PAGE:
General Question

ShipwrecksInSand's avatar

Any tips on how to stop your laptop from overheating?

Asked by ShipwrecksInSand (173points) February 25th, 2010

Im running Windows Vista..Ive had it for about 1–2 years now..and after like 30 minutes of use..its starts to overheat..and then eventually shuts off. I need some kind of help that doesn’t involve taking it apart in any way.

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13 Answers

missingbite's avatar

What are you setting it on? If it is on you bed or something that won’t let it breathe, it is going to overheat. Also, look into a laptop stand that has fans for cooling it.

dpworkin's avatar

It depends what is heating up. Sometimes it’s the graphics chip, and you can change the load on it by changing the way your desktop looks (turn off animations, etc.)

For me, the best solution is a usb cooling pad. There are a lot of them around, and they really help.

lanahopple's avatar

Don’t put it on any sort of fabric. If you are on your bed or something, put it on a book or a binder, and if that doesn’t help, it is most likely something in your computer.

phoebusg's avatar

What @lanahopple said for one (don’t cover vents, or the bottom). Do you smoke, or compute around a dusty env? Have the vents cleaned out.
Go into the BIOS if you know how, or have a check-up to see if the fans work and at what speed(s). Or, simply try and remember how the laptop ‘behaved’ aside from its performance when you bought it.

There are laptop cooling pads, some really powerful ones. You could also try that.

fireinthepriory's avatar

I got one of these, it seems to work pretty well. I have a macbook.

njnyjobs's avatar

Check to make sure that your system is not hosting any spyware running in the background that keeps your CPU constantly running. Also, take-off from your Start-up any unnecessary programs that will use-up your memory, thereby forcing your system to compensate by using virtual memory.

Also, couldn’t stress enough as well, the importance of ventilation. Excessive gaming also generates more heat than regular computing.

Supacase's avatar

I had a thing the size of a laptop with two fans in it. I put it on a flat surface (not the bed or my lap) then put the laptop on top of it. Helped a lot. I bought one of those lap desks for writing to put my laptop on because I want to have it on my lap.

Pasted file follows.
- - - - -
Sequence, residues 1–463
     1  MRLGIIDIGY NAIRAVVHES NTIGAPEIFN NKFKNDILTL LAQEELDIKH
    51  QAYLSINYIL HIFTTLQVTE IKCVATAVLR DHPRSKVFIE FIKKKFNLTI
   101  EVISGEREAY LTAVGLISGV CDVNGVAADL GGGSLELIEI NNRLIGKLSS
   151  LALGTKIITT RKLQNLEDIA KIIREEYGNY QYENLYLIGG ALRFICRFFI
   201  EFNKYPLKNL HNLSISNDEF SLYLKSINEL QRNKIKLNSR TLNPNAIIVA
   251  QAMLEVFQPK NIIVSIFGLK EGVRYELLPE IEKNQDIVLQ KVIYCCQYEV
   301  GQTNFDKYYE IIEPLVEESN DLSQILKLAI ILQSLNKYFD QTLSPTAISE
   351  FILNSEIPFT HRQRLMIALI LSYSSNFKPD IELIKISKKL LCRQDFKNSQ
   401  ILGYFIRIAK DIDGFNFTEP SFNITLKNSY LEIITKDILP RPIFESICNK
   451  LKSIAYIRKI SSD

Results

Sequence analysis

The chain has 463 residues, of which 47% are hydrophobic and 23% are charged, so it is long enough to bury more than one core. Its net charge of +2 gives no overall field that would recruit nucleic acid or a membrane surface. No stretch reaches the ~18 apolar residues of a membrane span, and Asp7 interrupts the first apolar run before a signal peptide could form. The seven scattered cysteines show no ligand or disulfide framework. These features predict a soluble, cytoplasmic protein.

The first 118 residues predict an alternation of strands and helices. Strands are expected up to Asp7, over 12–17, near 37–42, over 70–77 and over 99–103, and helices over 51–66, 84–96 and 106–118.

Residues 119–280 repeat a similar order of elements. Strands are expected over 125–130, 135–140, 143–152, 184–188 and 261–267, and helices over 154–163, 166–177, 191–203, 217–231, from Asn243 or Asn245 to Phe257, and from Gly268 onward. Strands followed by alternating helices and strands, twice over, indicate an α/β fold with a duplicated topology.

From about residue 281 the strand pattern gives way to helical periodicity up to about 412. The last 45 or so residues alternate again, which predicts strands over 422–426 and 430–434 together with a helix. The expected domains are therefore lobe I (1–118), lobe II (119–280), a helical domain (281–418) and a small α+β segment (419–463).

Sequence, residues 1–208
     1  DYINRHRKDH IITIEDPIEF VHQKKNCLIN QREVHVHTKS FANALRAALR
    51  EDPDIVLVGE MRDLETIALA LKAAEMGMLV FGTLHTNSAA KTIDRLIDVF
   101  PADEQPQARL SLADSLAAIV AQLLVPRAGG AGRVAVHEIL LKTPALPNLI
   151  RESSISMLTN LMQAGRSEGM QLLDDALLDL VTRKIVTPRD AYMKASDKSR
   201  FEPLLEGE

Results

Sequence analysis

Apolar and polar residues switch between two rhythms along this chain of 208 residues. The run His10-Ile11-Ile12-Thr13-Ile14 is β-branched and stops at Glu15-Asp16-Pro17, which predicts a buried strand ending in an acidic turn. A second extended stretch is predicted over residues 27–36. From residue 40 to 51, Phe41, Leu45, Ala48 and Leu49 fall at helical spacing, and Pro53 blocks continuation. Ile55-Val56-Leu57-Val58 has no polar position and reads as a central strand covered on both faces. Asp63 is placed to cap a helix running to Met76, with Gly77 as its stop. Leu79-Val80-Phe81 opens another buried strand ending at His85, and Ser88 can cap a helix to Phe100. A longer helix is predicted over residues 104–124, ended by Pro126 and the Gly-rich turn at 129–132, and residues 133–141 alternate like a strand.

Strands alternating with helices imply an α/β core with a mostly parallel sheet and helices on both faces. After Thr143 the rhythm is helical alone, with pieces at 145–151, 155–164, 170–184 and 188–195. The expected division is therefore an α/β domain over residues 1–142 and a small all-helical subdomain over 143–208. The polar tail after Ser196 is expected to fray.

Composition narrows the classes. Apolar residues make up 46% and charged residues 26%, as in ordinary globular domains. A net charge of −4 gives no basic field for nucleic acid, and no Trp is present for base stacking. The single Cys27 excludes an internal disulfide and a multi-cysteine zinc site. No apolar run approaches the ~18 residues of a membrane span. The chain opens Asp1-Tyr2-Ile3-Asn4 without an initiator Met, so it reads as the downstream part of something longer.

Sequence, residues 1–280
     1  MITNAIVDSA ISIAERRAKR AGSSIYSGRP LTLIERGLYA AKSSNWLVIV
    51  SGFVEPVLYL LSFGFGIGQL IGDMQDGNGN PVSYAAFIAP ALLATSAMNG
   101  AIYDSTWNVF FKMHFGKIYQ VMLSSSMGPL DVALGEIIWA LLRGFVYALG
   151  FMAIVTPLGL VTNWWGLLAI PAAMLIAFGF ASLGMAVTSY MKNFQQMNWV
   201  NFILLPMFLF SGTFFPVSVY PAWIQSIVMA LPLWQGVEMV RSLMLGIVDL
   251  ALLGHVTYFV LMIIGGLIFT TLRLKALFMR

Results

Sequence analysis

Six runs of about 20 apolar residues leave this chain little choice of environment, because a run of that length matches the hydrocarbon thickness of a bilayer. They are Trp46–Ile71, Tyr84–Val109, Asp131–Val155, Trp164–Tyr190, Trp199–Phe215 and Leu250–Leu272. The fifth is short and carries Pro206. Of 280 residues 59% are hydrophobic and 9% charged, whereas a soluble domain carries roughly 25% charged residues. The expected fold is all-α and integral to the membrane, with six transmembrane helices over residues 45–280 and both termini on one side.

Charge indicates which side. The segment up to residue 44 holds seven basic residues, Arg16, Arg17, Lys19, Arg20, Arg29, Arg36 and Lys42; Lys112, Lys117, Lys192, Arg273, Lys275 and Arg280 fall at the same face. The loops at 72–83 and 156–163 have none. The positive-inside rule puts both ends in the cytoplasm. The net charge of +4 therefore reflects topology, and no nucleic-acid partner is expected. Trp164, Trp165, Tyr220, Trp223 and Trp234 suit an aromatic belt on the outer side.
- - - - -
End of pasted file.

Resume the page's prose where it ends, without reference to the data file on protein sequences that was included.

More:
LuckyGuy's avatar

I place the back side of my laptop on top of a ½” strip of wood. It improves airflow and tilts the keyboard more to my hands. A cheap fix.

Captain_Fantasy's avatar

Is it under warranty? That shouldn’t happen.

jerv's avatar

Many people block the air vents and then wonder why things get hot. It happens with all sorts of electronics, and laptops are no exception.

Some people let so much cruft accumulate in their heatsinks that the machine just chokes, sputters and dies. Cleaning a clogged heat sink is often best accomplished with compressed air since taking a laptop apart is a bitch.

Some apps flog the chips. I know that when I run games, the power draw goes up (sucking down trhe battery in my netbook if I am on that) and my chips get toasty. It’s not so much of an issue on my tower, but any heavy-duty stuff on my netbook leads to a louder fan (it speeds up as temps rise) and a warmer lap.

lonelydragon's avatar

As others have said, sitting it on a bed is bad because the cloth will trap the heat. You need to get a laptop chill mat, available at Best Buy, Sam’s Club, and most other major retailers. If that does not help, then your laptop probably has internal issues (which, not being a techie, I wouldn’t dare to diagnose).

thriftymaid's avatar

Raise it so that air flows beneath.

anartist's avatar

Buy a cooling mat or in emergency put blue ice pack under it.
It likes just the tilt for air and is extra happy with a blue ice pack right under the processor.
Don’t use it to watch movies.

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